Last week I read an article about solving Generation Y's passion problem.  Apparently I've been under the mistaken impression that I was a Gen Xer when I'm really a Gen Yer.  Apparently the hallmark of my generation is a sense of entitlement.  Looking at all the things that leave my inner temper at a raging boil, I'd have to say that, yeah, I fit the bill.  I was raised that I was intelligent and that you worked hard in school to get a scholarship, work hard in college to get good grades to either get out and get a good job or get into a good graduate program, work hard in grad school to get out and get a good, reasonably paying job.  Check, check, check, and oh wait no check.  All my academic accolades mean exactly bupkis and that intelligence has led to more than a little bit of cynicism and bitterness.  Hence why I decided to try this positivity thing.

But anyway the point that the article was making is that our entire generation was done a disservice by being told we should follow our passion.  This is supposed to be the paramount piece of career advice.  The author of the post makes the point that this is damaging because the phrase implies we're supposed to love our job from the start, when, in fact passion develops over time, along with mastery, etc.  The author makes a call for a more nuanced discussion of this whole passion thing to make it clear to folks that passion is a process and develops.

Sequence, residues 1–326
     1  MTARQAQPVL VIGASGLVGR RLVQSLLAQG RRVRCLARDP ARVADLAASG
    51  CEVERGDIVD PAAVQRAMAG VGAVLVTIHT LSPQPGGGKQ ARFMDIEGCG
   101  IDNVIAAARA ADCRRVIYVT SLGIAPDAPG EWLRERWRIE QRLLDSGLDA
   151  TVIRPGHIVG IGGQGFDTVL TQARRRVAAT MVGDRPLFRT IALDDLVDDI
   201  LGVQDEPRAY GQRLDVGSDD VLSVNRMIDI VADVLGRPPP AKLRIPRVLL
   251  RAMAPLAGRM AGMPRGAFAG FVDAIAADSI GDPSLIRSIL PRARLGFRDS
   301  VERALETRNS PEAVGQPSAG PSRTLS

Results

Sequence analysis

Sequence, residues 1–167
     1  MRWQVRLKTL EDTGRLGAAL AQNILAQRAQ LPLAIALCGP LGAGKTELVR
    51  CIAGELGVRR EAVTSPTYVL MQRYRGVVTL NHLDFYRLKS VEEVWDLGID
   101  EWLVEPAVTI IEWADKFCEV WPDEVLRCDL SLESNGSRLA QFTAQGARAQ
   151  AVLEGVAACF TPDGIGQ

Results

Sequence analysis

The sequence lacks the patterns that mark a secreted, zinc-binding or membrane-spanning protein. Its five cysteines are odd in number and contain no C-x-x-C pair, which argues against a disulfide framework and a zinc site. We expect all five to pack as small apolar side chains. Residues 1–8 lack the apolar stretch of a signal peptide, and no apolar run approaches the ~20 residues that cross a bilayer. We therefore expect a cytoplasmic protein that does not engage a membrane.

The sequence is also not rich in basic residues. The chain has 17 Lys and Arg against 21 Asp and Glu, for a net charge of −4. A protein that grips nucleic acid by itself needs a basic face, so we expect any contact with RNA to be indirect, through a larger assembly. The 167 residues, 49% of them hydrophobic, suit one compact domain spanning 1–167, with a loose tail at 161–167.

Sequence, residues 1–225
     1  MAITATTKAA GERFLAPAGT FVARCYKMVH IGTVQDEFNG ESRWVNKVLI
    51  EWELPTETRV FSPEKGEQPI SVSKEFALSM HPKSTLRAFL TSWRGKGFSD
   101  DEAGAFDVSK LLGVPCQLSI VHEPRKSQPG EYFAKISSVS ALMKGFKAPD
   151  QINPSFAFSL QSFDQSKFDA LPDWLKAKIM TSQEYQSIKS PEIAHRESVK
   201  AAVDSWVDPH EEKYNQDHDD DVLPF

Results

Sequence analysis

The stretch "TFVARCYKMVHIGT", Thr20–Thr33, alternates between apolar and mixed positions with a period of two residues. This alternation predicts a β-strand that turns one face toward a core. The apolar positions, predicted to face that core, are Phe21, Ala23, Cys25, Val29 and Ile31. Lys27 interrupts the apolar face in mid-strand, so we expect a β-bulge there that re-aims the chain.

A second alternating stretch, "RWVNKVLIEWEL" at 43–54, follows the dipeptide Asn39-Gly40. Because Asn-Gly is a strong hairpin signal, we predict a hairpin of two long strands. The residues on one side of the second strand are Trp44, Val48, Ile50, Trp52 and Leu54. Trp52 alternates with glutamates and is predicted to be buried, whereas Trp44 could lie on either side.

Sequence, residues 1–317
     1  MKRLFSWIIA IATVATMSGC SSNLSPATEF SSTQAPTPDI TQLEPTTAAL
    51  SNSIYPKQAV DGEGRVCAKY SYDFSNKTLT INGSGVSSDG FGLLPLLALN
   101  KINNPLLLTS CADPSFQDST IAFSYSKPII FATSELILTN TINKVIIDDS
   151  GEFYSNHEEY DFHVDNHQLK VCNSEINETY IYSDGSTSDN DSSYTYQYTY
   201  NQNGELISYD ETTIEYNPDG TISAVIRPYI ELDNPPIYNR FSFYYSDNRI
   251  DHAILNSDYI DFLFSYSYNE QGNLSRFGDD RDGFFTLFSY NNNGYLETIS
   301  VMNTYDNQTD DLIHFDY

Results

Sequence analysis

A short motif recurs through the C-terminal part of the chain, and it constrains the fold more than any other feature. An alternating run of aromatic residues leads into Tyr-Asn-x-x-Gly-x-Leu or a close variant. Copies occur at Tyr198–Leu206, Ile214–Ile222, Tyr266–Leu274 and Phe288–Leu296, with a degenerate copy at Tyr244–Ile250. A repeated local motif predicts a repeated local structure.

Which is all well and good if you haven't FOUND your passion.

It doesn't help people like me.  I found my passion when I was twelve.  I wanted to be a writer.  I still want to be a writer.  I AM a writer.  I professionally pursue this every day on top of everything else I'm doing.  I lose sleep, limit social functions, and pretty much do little else because I love to write.  It's that everything else that I have to do that makes me so angry.  There's nothing more damaging to a creative soul than sticking it in a job where creativity is largely considered useless and should be avoided.  Where science and data and numbers rule the day.  Where everyone around you looks at you regularly as if you've grown a second head.

I'm not sure which is worse--to be miserable in your job because you haven't found your passion or to be miserable in your job because you have, but you can't afford to do it for a living yet.

I don't have any answers (other than a firm conviction that my positivity would suffer a lot less if our country would implement daily naptime), and I certainly don't have any points of positive in all this.  I've been really struggling with positivity this week.

11/02/2012 11:32am

Actually, I can think of something way worse - not having a creative passion at all. I had a non-writing spell for about two years, during which I thought all my stories had dried up for ever, and the idea of never again having that creative spark was horrible.
Some people can't - write or paint or create music or what have you. It always seems so empty to me and I feel so lucky that I love to, and can, write.


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